It is a ‘made up entity’ that has become the rallying point for governments to reflect their economic prowess. Usually expressed in single digit, it needs sustained nurturing, lest governments can be toppled and fresh elections enforced. Since it was formally coined in the 1940s, GDP has continued to engage best of economic brains to develop a standard measure of a country’s economy. Yet, this familiar piece of jargon means little to most people because the health of the country’s economy often has little bearing on peoples’ lives.
No wonder, it can decide elections but can't make people happy and it can make news but can't erase income inequality. GDP is a powerful teaser that has thus far remained artificial, abstract and complex. Providing a much-needed historical perspective on this elusive bit of static, Harvard Economist Diane Coyle argues that GDP has remained a piece of ‘static’ in the hands of the ‘state’, and must not be confused with social welfare. At best, it creates a self deceptive image of contributing to overall welfare. In reality, much of the welfare activities, for lack of mathematical expression, do not get counted in it. Ms. Coyle has been grateful to Cabbage, her dog, who may not have contributed to GDP but greatly to her welfare!
Since the making of physical commodities count toward national income, green forests holds zero value whereas chopped trees add to the GDP. Environmentalists therefore believe that GDP leads to an overemphasis on growth at the expense of the planet, obscuring the wrongs of the capitalist market economy. Such assertion is not without reason, as spending on pollution-abatement equipment adds to GDP but the negative effect of pollution doesn’t pull GDP down. GDP may have worked despite its fallibility till now, but it is unlikely to serve its purpose henceforth as the economy gets driven more by innovation, services, and intangible goods.
While the author remains ‘affectionate’ towards GDP, as the title suggests, she nonetheless argues that it is flawed and search for its alternative has been ongoing. However, alternatives ranging from the Measure of Economic Welfare (MEW) to the Better Life Index (BLI) haven’t evoked enough confidence in replacing the ubiquitous piece of static. Welfare has been the leitmotif of the proposed change, but counting intangibles has remained a challenge. Even more challenging is to count value of zero-priced goods like online music, search engines, crowd sourcing, and so on. These do contribute to productivity, and even loss of jobs, in many ways without being captured in GDP statistics.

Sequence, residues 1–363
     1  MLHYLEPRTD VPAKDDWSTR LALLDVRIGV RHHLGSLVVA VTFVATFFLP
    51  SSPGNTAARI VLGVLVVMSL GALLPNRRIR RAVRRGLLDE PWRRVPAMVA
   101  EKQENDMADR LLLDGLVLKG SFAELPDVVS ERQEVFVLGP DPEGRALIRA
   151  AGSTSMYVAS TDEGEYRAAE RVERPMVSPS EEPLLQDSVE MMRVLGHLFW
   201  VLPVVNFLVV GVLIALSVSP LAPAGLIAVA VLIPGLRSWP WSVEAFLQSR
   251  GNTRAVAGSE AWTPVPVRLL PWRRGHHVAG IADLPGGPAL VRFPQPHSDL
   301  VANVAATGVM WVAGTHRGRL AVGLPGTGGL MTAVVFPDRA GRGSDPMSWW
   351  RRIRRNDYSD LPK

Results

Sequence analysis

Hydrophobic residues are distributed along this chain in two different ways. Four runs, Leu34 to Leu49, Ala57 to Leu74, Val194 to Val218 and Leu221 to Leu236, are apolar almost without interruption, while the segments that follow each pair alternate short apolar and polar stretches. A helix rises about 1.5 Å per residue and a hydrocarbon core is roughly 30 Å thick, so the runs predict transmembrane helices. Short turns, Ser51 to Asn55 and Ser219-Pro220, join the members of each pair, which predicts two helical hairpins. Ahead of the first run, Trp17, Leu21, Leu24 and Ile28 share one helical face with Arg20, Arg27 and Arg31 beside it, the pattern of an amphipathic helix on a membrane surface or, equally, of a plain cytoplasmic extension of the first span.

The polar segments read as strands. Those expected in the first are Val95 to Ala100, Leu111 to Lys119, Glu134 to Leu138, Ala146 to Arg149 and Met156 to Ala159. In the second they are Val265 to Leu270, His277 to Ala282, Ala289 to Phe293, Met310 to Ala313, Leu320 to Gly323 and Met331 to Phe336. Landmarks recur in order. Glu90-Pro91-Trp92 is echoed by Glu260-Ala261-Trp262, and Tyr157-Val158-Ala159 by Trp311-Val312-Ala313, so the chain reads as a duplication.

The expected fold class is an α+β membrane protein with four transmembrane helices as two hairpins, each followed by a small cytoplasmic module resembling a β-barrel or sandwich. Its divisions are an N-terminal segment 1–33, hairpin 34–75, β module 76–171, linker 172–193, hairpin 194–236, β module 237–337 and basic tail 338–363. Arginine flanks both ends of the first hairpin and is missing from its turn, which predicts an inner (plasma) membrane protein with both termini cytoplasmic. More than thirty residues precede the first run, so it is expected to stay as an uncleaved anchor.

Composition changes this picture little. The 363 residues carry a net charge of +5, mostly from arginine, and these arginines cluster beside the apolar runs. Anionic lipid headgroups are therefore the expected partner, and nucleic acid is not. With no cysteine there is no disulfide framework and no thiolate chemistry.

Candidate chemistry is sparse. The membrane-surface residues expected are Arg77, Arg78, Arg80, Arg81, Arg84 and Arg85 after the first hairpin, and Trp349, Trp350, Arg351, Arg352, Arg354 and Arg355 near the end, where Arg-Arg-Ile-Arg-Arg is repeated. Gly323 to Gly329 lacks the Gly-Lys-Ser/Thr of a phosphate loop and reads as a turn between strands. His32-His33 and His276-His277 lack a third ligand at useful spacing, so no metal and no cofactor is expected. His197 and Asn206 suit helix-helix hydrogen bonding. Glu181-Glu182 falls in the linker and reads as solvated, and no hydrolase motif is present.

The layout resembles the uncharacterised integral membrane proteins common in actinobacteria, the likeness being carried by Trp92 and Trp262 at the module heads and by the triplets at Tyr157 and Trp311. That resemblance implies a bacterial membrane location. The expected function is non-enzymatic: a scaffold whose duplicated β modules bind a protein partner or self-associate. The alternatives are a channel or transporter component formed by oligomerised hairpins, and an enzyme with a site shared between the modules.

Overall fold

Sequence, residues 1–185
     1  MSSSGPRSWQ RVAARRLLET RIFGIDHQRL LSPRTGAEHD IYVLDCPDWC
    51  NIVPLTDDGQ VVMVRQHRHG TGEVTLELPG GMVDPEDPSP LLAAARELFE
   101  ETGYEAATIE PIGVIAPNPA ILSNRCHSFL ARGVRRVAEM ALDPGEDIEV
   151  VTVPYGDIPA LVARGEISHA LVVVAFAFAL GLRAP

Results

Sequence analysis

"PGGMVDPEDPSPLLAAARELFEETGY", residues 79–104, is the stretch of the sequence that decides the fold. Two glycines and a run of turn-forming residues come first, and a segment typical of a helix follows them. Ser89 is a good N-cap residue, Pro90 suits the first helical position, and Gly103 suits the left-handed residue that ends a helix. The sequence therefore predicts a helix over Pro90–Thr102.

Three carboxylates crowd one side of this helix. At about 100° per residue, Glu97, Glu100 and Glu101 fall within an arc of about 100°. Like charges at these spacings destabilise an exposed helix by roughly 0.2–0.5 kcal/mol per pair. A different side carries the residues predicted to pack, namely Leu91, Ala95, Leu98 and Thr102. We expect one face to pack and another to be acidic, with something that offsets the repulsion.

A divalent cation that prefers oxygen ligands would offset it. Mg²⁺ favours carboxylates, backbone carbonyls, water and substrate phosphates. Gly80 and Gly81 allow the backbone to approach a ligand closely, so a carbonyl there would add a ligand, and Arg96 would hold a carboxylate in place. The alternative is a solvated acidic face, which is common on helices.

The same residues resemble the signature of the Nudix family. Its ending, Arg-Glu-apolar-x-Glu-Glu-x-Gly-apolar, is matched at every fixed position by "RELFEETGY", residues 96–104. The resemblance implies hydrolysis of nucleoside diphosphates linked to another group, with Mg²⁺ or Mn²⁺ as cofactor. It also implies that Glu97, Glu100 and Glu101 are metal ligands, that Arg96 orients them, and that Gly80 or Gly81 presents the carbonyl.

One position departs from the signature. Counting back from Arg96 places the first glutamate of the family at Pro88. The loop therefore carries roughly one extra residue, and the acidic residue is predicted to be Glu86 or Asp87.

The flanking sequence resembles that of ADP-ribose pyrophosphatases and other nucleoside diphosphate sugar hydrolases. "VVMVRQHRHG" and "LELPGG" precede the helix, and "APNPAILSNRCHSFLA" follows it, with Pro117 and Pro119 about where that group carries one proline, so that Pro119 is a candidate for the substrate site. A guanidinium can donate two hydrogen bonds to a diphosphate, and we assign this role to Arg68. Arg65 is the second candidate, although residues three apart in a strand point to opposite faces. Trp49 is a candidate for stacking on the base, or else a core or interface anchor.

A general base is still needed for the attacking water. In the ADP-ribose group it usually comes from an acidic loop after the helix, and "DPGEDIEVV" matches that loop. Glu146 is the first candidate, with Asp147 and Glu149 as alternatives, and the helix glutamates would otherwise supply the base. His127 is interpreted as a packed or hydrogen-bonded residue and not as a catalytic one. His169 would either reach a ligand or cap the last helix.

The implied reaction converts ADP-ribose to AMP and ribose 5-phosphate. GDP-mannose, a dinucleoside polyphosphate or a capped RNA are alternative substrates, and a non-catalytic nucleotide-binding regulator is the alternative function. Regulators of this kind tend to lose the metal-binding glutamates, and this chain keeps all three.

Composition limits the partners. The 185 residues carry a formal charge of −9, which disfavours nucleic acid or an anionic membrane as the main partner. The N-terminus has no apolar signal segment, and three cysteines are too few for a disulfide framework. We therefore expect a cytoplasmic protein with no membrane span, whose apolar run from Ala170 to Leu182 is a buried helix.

Wading through the murky world of number crunching, Coyle presents a fascinating biography of GDP which, despite its inherent fallacies, continues to remain the greatest innovation of the 20th century. Yet, as the Greek tragedy unfolds, the so-called irrational exuberance has led to self-delusions and inadequacies of regulatory bodies, leading to financial crises. Since market-led global capitalism is sweeping the whole world, GDP need to be sanitized from overt influence of market manipulation. The financial crisis has pressed the urgency button to rethink economic valuation of products’ quality, zero-priced goods and services’ efficiency.
As the economy is driven more by innovation and services, accounting activities operating outside the tax net and production matrix has become imperative. With boundary between growth and progress, and between leisure and work going through significant transformation, GDP will lose relevance if it doesn’t translate into increased happiness. For GDP to remain relevant it must resolve the well-known paradox of a widower who marries his house maid. His marriage leads to reducing GDP as he longer pays her the wages, but should the happiness both gain be left unaccounted for? In this engaging and witty book, Coyle leaves the reader with the challenging optimism of life beyond the prevailing statistical fog.
GDP: A Brief but Affectionate History
by Diane Coyle
Princeton University Press, UK
Extent: 160, Price: US$19.95
This review was published in The Hindustan Times dated Nov 21, 2015.